After a few weeks of looking at the benefits of reinvesting dividends, a potential dividend disaster in the making at ConAgra (NYSE:CAG), and how dividends fare in comparison to repurchases, I've been looking forward to spending some quality time hunting around for a solid dividend payer.

Besides reading news, journals, and other periodicals, I like to use screens to find investments. While I have a few detailed screens that I like to run regularly, they have been coming up empty lately, so I occasionally make my screening criteria fairly broad or reverse some of them. From there, it's a largely manual scrub of the company's financials and annual report.

This isn't a simple strategy, but it can help an investor locate a solid company before the benefits of a turnaround have hit the income statement and captured the attention of the masses. Subscribers to our Income Investor service have seen this with Mathew Emmert's selection of ServiceMaster (NYSE:SVM) and enjoyed returns that beat the S&P by 10 percentage points.

The good
Using this process, I've been taking a look at Packaging Corp. of America (NYSE:PKG), which, though not a turnaround, is a company that regularly generates a fair amount of cash flow and is in the unloved paper products industry. More importantly, Packaging Corp. carries a near 5% yield, while its competitors Georgia-Pacific (NYSE:GP) and International Paper (NYSE:IP) sport yields under 3.5%.

The company also boasts a double-digit return on equity and return on assets of just over 5%. These measures put it ahead of its competitors in terms of return on equity and on par with Georgia-Pacific in terms of return on assets.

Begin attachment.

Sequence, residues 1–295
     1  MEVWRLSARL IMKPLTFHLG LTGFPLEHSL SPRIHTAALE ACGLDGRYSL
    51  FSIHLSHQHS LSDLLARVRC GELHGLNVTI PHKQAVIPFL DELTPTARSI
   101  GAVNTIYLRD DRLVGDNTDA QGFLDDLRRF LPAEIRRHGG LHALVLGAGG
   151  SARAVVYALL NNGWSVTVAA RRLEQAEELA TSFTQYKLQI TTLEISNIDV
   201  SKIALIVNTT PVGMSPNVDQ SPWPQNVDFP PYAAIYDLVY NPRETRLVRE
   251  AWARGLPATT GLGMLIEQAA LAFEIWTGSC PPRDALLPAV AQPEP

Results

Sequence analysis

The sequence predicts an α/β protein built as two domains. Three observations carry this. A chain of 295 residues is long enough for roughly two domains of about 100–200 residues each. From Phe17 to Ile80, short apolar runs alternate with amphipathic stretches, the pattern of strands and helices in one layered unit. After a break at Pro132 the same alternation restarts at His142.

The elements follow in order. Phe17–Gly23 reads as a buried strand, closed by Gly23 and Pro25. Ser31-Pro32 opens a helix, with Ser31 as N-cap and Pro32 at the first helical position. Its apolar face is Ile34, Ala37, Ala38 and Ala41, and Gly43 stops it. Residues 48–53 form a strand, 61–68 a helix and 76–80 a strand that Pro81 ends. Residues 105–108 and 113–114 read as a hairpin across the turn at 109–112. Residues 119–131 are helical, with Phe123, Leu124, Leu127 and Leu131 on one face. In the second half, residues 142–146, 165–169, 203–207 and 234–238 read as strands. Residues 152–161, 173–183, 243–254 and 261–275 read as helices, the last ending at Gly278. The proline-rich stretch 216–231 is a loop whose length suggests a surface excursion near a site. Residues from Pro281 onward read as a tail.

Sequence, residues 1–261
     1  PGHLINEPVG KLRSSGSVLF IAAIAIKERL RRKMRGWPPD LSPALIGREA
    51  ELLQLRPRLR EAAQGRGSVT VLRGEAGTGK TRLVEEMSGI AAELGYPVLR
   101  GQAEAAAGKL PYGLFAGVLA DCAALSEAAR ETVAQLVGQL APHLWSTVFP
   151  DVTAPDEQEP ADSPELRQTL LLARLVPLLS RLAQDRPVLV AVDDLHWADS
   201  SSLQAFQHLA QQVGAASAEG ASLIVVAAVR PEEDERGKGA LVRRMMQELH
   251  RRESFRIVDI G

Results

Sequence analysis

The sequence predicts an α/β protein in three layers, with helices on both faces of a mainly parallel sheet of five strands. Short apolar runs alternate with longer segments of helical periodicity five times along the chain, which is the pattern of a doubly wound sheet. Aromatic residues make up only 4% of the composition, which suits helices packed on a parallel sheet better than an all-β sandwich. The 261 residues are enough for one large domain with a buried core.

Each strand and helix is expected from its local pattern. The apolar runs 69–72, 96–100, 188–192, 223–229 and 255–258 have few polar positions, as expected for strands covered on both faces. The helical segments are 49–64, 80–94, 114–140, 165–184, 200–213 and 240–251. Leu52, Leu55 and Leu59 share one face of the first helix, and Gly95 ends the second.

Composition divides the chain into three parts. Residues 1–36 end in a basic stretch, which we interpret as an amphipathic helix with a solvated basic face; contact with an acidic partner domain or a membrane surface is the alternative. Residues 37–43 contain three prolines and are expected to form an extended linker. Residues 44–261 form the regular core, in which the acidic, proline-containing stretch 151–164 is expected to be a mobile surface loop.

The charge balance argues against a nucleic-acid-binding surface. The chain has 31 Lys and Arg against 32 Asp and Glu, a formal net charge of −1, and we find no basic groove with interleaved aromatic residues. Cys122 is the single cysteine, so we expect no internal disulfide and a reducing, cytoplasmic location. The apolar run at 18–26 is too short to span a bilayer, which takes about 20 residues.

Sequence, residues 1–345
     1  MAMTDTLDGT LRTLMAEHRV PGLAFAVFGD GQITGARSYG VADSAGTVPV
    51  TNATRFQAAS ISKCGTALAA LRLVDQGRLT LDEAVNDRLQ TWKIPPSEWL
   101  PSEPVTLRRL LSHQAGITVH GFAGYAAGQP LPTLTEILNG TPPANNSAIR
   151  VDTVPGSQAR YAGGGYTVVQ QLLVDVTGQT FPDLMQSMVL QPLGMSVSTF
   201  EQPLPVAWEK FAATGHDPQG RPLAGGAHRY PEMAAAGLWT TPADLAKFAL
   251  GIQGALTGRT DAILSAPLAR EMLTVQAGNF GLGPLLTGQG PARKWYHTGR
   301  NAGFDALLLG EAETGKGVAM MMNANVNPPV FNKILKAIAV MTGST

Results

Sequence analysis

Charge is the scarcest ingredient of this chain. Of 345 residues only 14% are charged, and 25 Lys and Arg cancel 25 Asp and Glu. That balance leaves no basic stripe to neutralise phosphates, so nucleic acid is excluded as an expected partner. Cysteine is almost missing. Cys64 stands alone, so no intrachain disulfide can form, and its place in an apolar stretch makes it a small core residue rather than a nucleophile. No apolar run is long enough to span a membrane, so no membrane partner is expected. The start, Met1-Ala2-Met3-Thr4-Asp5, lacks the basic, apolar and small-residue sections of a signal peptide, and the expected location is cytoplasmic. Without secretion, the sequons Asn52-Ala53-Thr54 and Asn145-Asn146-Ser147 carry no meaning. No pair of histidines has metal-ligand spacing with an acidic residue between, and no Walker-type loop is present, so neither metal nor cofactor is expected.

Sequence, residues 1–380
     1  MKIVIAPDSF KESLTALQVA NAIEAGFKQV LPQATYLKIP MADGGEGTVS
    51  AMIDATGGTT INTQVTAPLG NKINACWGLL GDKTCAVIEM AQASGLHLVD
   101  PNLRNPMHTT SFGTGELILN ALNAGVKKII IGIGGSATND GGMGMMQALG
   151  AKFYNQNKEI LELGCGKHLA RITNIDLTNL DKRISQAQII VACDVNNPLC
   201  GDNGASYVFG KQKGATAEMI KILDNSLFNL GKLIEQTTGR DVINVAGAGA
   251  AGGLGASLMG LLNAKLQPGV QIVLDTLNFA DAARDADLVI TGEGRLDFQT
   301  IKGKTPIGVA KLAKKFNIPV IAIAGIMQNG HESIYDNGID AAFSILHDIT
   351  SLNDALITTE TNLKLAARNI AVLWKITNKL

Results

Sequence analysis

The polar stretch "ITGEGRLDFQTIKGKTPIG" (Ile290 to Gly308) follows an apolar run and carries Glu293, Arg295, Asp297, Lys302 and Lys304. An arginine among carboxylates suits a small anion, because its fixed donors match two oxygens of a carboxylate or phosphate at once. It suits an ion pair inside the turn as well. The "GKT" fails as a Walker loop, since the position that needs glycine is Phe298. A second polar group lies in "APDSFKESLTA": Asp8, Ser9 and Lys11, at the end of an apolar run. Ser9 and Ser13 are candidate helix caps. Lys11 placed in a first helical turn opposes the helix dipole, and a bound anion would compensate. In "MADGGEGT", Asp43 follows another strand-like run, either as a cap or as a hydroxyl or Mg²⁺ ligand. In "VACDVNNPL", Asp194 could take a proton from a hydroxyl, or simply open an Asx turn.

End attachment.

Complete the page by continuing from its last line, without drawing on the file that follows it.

The not-so-good
Packaging Corp. introduced its dividend in 2004. While it is a strong dividend, there hasn't been enough time to judge the company's commitment to it. However, what's more worrisome is that since the dividend has been instituted, the company has not generated enough free cash flow to fund the dividend as well as its acquisitions. Granted, the dividend has been in place for only a year and a half, so there is plenty of time for this pattern to reverse itself before the company feels any cash cramps. Before jumping in, however, I'd like to see a period of sustainable free cash flow that exceeds the cost of the dividend and acquisitions.

For an investing strategy focused on dividends and income to consistently work, the dividends you receive must be reliable. Package Corp. may prove in time that its free cash flow is ample enough to fund a dividend as dependable as those issued by Procter & Gamble (NYSE:PG) or Hasbro (NYSE:HAS). For now, though, I'm simply not sure that's the case.

Foolish final thoughts
So, unfortunately, Packaging Corp. doesn't yet make the grade. It's disappointing from an investor's standpoint, because its strong operating cash flow and 5% dividend are attractive. But as a stock picker, you eventually become accustomed to passing over many more companies than you choose to invest in. I'll keep Packaging Corp. on my list of companies to follow to see how the business performs going forward and whether its acquisitions pay off with stronger free cash flow to support an ongoing dividend.

If you're interested in learning more about companies that generate robust free cash flow and pay you to hold them, consider a free 30-day trial to Motley Fool Income Investor. Over the past two years, lead analyst Mathew Emmert has delivered an average total return of 15.1% against the S&P 500's 8.6%. With your free trial, you'll get access to back issues and access to our community, where like-minded investors discuss picks and investing ideas. There's no obligation to buy if you aren't completely happy.

Nathan Parmelee had no financial interest in any of the companies mentioned at the time of publication. You can view his profile here. The Motley Fool has an ironclad disclosure policy.